I am interested to know what your approach is to studying and analysing contemporary art practices from Asia. For example, is it important to consider single countries art practices alone or should they be comparatively considered within a regional context for a more complete perspective? In the case of Southeast Asia, national practices are so diverse, what links them together as ‘Southeast Asian’ art?
First of all, this may be interesting for many to know: at SAM, each of the curators specialises in a particular country portfolio. I oversee the Indonesian portfolio, for instance. What this enables each of us to do is to develop more in-depth knowledge about the art scene of our respective country portfolios: how it has evolved over the years, who are some of the promising emerging artists, the nuances and shifts in the art scene(s).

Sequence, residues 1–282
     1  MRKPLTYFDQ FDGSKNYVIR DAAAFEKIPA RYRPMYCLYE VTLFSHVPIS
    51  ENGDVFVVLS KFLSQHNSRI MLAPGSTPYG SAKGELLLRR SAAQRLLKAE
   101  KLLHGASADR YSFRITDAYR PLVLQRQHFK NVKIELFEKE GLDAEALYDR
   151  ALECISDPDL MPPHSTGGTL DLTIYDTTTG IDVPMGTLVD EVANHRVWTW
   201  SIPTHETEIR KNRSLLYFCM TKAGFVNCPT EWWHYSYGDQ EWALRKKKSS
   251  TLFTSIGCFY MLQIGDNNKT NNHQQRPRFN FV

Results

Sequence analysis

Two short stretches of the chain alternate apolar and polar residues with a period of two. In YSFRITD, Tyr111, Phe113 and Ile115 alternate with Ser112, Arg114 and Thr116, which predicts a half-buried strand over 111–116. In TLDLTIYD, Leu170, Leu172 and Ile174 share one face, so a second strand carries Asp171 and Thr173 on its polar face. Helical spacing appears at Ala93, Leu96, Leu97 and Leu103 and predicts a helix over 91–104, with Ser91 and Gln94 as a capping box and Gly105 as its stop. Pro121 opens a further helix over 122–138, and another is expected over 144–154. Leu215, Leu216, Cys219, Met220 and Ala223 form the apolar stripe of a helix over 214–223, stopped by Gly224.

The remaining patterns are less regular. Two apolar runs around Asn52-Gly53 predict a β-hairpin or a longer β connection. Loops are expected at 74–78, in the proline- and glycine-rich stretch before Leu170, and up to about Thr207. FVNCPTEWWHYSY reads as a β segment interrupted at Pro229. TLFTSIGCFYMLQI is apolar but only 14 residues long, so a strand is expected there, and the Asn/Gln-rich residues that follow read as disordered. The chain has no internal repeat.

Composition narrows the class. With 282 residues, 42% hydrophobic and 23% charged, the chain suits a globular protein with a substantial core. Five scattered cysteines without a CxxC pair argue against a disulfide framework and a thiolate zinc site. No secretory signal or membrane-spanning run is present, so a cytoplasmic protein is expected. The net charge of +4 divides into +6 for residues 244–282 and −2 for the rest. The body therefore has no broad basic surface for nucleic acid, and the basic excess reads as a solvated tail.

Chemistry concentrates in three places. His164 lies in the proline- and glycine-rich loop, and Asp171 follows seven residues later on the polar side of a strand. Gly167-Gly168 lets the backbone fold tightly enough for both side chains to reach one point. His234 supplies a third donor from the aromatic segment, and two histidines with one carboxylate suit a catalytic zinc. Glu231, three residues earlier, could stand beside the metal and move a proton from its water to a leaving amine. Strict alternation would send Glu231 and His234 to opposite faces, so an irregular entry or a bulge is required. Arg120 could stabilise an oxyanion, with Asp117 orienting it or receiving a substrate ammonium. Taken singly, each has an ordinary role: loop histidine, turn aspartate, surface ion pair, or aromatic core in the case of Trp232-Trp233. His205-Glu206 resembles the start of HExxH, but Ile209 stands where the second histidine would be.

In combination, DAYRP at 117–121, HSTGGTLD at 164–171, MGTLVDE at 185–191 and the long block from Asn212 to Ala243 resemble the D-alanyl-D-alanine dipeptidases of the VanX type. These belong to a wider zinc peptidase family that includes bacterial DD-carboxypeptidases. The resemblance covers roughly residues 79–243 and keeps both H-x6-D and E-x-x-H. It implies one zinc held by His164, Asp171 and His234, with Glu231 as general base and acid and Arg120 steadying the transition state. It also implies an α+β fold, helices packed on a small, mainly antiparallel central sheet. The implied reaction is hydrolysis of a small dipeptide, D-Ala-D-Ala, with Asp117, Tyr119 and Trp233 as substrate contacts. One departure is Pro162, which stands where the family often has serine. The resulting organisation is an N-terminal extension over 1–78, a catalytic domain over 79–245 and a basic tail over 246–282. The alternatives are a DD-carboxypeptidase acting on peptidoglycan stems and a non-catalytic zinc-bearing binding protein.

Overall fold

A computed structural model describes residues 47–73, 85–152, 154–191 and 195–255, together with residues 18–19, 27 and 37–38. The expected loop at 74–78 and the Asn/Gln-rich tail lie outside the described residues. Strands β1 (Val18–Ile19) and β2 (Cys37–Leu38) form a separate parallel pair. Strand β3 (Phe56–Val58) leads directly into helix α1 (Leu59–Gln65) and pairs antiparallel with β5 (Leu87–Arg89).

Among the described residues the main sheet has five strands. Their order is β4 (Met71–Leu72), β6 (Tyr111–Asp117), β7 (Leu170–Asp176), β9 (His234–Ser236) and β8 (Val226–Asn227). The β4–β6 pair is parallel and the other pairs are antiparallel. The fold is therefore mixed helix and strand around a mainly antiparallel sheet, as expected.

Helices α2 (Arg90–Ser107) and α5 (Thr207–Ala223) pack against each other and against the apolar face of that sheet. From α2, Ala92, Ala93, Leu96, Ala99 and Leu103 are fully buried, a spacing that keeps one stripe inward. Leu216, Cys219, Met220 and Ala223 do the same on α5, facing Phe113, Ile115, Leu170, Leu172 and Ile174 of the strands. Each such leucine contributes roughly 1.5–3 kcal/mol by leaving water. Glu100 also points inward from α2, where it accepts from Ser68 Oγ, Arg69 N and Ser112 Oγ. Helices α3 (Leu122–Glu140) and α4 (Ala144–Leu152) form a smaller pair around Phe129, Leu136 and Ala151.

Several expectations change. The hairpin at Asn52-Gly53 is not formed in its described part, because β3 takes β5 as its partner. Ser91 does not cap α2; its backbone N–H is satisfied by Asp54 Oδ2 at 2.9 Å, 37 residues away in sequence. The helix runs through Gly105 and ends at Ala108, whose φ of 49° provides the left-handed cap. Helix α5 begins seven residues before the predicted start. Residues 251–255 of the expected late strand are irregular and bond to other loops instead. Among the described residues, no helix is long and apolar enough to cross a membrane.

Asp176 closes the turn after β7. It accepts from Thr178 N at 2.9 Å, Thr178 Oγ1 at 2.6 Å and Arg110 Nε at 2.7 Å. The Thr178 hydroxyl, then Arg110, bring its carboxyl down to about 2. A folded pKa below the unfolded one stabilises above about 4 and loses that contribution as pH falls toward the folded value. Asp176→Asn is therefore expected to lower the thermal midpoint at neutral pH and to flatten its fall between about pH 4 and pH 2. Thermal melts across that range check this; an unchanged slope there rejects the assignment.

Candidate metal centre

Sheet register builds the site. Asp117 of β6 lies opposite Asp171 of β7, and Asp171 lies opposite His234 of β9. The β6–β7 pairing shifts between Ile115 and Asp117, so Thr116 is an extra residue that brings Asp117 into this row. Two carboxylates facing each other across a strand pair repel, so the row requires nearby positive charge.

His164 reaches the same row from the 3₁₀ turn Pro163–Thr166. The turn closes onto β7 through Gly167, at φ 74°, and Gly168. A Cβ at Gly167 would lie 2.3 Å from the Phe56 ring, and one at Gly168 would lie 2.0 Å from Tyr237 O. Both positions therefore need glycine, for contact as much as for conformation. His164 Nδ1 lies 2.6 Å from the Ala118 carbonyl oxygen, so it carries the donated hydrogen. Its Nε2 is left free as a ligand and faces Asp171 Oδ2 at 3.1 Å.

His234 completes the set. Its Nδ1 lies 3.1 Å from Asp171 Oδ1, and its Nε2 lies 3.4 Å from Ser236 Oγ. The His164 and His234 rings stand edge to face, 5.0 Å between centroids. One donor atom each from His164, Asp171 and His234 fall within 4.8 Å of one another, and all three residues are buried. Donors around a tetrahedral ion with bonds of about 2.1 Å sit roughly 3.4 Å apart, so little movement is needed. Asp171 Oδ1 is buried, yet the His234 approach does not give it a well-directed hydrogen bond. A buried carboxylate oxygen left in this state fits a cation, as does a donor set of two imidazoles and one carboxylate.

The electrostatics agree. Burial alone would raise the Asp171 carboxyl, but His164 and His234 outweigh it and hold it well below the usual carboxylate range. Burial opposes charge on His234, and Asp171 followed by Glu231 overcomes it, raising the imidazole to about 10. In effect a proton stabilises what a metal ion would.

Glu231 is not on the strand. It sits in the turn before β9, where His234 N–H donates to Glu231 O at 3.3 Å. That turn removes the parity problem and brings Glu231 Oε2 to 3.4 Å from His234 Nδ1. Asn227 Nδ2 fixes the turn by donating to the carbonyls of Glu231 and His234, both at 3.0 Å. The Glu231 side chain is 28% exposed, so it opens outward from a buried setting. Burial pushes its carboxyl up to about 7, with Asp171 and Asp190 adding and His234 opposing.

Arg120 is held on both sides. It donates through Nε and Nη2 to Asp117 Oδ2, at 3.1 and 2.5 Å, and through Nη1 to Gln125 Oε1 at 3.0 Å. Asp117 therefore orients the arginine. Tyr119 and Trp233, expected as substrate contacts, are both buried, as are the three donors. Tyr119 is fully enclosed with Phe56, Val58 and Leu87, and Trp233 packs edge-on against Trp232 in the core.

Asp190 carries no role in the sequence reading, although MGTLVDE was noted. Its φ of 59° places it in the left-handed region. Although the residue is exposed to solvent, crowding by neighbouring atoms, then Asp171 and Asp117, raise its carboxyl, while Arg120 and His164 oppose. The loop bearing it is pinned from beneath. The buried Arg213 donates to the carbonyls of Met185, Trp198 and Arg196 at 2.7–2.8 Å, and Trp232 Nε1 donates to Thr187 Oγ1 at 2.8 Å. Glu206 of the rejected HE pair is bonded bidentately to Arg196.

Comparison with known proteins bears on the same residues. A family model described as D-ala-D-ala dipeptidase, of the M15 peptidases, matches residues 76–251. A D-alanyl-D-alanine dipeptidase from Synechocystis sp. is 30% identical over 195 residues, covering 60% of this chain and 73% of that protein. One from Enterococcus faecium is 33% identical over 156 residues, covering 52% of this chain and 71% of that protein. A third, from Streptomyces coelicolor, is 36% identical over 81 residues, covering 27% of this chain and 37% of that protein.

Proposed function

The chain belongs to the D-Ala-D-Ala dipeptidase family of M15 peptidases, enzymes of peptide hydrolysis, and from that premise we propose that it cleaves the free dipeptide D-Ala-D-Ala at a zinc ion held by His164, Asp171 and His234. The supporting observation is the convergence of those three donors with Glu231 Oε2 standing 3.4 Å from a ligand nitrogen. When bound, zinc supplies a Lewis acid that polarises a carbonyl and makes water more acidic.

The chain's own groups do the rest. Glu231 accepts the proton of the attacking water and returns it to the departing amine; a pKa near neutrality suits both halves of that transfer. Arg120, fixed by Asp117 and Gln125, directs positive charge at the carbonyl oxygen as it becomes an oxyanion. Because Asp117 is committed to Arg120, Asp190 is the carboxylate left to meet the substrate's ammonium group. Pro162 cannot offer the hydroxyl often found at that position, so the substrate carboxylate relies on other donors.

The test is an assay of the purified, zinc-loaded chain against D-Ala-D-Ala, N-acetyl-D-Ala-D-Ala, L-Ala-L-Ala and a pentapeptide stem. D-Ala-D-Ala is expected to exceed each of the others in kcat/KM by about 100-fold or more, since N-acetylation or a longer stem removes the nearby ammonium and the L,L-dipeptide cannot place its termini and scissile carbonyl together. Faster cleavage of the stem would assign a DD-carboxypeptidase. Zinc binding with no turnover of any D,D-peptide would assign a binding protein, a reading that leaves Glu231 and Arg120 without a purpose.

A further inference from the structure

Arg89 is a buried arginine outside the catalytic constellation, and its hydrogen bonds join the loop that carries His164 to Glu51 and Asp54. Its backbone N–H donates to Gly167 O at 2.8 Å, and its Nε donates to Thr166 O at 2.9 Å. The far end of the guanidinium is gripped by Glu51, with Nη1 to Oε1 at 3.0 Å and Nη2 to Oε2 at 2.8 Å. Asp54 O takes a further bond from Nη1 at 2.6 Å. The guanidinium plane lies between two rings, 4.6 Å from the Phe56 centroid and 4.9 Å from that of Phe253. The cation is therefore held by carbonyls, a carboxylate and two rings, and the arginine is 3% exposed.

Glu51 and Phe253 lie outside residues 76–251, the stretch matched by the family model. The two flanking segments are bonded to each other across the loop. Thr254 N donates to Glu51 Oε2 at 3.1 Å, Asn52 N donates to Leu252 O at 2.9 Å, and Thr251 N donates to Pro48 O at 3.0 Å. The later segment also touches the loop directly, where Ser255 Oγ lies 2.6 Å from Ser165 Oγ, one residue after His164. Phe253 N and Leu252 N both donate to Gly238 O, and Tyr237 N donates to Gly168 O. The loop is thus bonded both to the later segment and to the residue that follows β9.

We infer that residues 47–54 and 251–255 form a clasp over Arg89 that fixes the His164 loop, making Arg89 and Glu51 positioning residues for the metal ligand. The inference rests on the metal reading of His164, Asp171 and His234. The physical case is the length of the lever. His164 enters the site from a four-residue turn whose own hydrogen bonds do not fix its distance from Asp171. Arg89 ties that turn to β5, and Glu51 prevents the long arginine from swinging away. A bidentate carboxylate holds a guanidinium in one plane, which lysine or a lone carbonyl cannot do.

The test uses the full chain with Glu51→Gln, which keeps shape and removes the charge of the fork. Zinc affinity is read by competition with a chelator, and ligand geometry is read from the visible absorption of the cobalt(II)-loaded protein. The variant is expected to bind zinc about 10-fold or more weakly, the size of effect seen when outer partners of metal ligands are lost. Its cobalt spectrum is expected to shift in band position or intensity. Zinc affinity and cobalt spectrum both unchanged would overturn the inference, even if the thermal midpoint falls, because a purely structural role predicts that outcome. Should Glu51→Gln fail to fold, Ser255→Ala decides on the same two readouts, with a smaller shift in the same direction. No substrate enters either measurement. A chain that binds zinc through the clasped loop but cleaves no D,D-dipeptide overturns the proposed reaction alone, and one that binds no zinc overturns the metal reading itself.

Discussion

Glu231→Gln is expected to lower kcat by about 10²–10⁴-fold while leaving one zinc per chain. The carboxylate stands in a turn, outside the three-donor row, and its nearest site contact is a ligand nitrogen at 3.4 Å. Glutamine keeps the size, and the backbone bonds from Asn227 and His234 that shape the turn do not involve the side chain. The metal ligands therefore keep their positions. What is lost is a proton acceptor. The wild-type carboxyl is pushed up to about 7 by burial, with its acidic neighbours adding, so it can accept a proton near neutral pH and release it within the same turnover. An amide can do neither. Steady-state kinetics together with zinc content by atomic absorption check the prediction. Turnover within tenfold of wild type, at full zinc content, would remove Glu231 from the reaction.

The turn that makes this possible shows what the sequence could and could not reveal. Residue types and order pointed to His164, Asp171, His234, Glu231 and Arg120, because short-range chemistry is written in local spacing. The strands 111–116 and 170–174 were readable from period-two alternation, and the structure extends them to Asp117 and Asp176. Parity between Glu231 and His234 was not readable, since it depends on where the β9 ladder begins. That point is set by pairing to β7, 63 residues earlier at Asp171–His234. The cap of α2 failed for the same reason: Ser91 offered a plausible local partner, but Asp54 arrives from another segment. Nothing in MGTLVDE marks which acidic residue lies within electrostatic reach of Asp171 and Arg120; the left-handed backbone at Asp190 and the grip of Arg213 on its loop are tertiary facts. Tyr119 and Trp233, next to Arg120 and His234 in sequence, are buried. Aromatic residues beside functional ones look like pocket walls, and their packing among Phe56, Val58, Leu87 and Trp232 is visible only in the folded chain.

When we convene our curatorial meetings, to discuss and plan new exhibitions and propose artists and artworks, we bring our respective ‘country’ expertise to the table. This is also when we make connections across various countries and art scenes in Southeast Asia, as parallels and differences start to emerge, in terms of art practices, styles, modes of making and thinking.
As curators, we also make the effort to travel with our colleagues to their respective countries of expertise, to get a sense of the art scene there, which in turn informs how we think about our own country portfolios. So, in response to your question, I would say that it is important to do both: to have a good sense of each individual country’s art scene, but also to have a sense of the bigger picture, which in turn sheds light on each country, by comparison.